Since the cease-fire in August 1974, Cyprus has been divided between the southern, Greek Cypriot two-thirds and the northern Turkish third. In the last few years, there has been an easing of tensions between the two communities. The presidents of both Cyprus and Northern Cyprus have both stated that they desire reunification. Talks began most recently in June 2017, and although they soon broke down, there is still hope that a solution will be found in the near future.

 

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Cyprus Expat Service Providers

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Country Information

Financial Considerations In Cyprus

Financial Considerations In Cyprus

» Money Transfers
» Foreign Exchange
» Banking
» Pensions
» Investment
» Wealth Management
» Property Investment
» Insurance

 

Taxation In Cyprus

Taxation In Cyprus

» Overview of Tax Issues
» Employment Taxation
» Business Taxation
» Investment Taxation
» Tax Treaty Considerations

 

Healthcare In Cyprus

Healthcare In Cyprus

» National Health Services
» Doctors and Hospitals
» Health Insurance
» Health Emergencies

 

Education In Cyprus

Education In Cyprus

» State School Systems
» Private Schools
» International Schools
» Universities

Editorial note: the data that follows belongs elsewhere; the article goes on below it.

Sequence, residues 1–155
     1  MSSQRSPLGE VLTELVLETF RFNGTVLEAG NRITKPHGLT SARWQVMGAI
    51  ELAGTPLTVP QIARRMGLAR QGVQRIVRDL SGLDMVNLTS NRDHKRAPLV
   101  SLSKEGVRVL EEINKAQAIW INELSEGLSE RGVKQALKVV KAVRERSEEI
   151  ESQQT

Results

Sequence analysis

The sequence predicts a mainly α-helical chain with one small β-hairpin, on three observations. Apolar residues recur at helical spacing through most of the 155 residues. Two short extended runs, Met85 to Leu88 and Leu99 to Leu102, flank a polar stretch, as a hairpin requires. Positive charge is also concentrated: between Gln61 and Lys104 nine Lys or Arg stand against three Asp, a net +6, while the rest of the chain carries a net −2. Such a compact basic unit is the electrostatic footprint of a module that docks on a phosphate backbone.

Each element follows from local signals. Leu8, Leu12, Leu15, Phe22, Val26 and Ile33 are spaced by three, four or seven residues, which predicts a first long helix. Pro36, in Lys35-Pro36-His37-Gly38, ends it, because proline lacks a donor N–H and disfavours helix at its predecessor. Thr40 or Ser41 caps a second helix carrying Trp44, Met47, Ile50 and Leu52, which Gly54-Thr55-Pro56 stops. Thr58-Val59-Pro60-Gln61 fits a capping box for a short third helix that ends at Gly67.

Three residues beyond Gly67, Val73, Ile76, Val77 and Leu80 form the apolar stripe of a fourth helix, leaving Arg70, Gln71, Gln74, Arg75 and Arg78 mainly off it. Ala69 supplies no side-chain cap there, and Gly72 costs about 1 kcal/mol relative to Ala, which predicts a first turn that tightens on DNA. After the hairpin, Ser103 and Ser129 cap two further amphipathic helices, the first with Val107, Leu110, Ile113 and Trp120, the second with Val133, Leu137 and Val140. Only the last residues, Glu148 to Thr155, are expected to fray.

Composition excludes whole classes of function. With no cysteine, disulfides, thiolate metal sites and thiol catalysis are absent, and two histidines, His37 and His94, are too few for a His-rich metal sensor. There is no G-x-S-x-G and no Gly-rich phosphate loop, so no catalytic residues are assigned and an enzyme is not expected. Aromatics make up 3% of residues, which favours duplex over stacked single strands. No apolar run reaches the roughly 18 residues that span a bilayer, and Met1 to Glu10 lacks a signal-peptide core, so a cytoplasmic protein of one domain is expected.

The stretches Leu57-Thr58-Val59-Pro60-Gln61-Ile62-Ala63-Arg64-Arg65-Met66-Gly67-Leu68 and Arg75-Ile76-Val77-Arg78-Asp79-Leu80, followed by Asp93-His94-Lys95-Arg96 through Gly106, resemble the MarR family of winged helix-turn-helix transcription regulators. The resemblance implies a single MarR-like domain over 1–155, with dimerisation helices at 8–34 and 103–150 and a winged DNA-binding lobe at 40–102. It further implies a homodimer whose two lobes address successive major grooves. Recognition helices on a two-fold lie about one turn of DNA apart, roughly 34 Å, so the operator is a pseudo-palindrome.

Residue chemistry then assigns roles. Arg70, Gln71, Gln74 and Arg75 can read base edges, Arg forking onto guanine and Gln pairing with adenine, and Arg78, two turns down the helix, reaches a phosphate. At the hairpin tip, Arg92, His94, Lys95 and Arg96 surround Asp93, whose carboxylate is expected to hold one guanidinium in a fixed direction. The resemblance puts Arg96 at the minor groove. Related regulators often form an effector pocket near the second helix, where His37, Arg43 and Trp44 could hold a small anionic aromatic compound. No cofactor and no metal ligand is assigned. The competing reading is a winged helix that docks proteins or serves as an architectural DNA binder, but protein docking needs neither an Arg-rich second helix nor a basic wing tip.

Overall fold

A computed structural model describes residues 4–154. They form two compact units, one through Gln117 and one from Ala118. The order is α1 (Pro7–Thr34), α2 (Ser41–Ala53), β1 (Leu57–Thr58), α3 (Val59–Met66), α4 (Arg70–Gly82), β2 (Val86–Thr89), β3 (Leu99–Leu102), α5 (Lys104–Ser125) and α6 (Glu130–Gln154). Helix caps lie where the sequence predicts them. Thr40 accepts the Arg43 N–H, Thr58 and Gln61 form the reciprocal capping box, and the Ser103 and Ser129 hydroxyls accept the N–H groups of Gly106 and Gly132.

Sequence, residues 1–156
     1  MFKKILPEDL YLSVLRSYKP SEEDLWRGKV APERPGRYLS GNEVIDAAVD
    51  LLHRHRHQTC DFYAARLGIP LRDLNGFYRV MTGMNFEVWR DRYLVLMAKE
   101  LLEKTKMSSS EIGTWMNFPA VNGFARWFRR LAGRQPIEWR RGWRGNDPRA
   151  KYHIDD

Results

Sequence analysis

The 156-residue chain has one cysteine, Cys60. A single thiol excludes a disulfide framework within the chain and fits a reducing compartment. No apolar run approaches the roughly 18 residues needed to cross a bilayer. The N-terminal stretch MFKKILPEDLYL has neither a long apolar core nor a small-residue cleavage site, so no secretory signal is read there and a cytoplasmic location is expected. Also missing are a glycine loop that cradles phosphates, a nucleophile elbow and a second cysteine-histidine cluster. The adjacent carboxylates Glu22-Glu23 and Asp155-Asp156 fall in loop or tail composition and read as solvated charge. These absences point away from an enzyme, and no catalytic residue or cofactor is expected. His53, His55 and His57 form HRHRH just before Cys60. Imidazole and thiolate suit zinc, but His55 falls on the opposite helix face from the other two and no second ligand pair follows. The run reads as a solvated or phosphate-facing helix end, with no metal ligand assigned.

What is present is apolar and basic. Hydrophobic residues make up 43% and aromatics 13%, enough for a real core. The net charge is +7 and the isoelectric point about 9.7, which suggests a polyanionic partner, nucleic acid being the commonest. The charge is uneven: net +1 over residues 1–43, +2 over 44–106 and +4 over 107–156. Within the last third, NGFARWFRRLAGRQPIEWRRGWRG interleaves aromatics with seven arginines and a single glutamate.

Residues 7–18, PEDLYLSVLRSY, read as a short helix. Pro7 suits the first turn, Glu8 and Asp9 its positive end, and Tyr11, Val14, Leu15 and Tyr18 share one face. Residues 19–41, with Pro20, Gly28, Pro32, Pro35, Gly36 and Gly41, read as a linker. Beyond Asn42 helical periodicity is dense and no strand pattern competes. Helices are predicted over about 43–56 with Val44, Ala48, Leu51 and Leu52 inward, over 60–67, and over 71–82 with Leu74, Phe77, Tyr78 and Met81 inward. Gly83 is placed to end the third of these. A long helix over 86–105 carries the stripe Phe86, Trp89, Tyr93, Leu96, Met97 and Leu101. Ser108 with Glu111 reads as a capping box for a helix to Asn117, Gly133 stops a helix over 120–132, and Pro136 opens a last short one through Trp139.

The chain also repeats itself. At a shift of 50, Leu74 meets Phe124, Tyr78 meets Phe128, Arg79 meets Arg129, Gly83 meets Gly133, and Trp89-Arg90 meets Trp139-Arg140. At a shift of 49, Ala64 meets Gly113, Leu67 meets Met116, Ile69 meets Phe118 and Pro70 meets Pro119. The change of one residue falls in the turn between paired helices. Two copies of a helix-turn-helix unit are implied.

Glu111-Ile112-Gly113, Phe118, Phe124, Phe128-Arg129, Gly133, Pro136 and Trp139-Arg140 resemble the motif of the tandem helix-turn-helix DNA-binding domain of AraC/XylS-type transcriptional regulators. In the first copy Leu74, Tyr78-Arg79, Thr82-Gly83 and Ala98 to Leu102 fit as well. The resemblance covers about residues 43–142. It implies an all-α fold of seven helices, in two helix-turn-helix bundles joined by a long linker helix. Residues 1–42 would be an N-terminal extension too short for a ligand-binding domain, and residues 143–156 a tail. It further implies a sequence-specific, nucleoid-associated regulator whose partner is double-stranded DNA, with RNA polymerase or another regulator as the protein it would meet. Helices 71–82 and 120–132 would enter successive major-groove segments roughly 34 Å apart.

» Language Schools

 

Immigration In Cyprus

Immigration In Cyprus

» Visas and Passports
» Settlement, Residence and Citizenship
» Family Members and Marriage
» Working

 

Employment And Business In Cyprus

Employment And Business In Cyprus

» Finding a Job, CVs, Interviews and Etiquette
» Work Culture and Labour Market
» Owning and Operating a Business
» Business Groups, Associations and Networking
» Business Taxation

 

Accommodation In Cyprus

Accommodation In Cyprus

» Where to Live
» Finding, Buying and Renting
» Mortgages

 

Relocation In Cyprus

Relocation In Cyprus

» International Relocation
» Repatriation
» Expats Relocating with Families and Pets

 

Social And Cultural Traits In Cyprus

Social And Cultural Traits In Cyprus

» Languages
» Guide to Cultural Traits
» Expat Groups

 

Living In Cyprus

Living In Cyprus

» Safety and Emergencies
» Retirement
» Family Life and Childcare
» Solo Living and Dating
» Shopping
» Entertainment, Media and Television
» Arts and Culture
» Fitness and Sport
» Communications
» Driving and Public Transport
» Government, Politics and Legal Systems
» Regions and Cities


 


 




Moving to Cyprus

If you are considering moving to Cyprus or are soon to depart, you can find helpful information and advice in the Expat Briefing dedicated Cypriot section including; details of immigration and visas, Cypriot forums, Cypriot event listings and service providers in Cyprus.

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Living in Cyprus

From your safety to shoppingliving in Cyprus can yield great benefits as well as occasional drawbacks.  Find your feet and stay abreast of the latest developments affecting expats in Cyprus with relevant news and up-to-date information.

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Working in Cyprus

Working in Cyprus can be rewarding as well as stressful, if you don't plan ahead and fulfill any legal requirements. Find out about visas and passports, owning and operating a company in Cyprus, and general Cypriot culture of the labour market.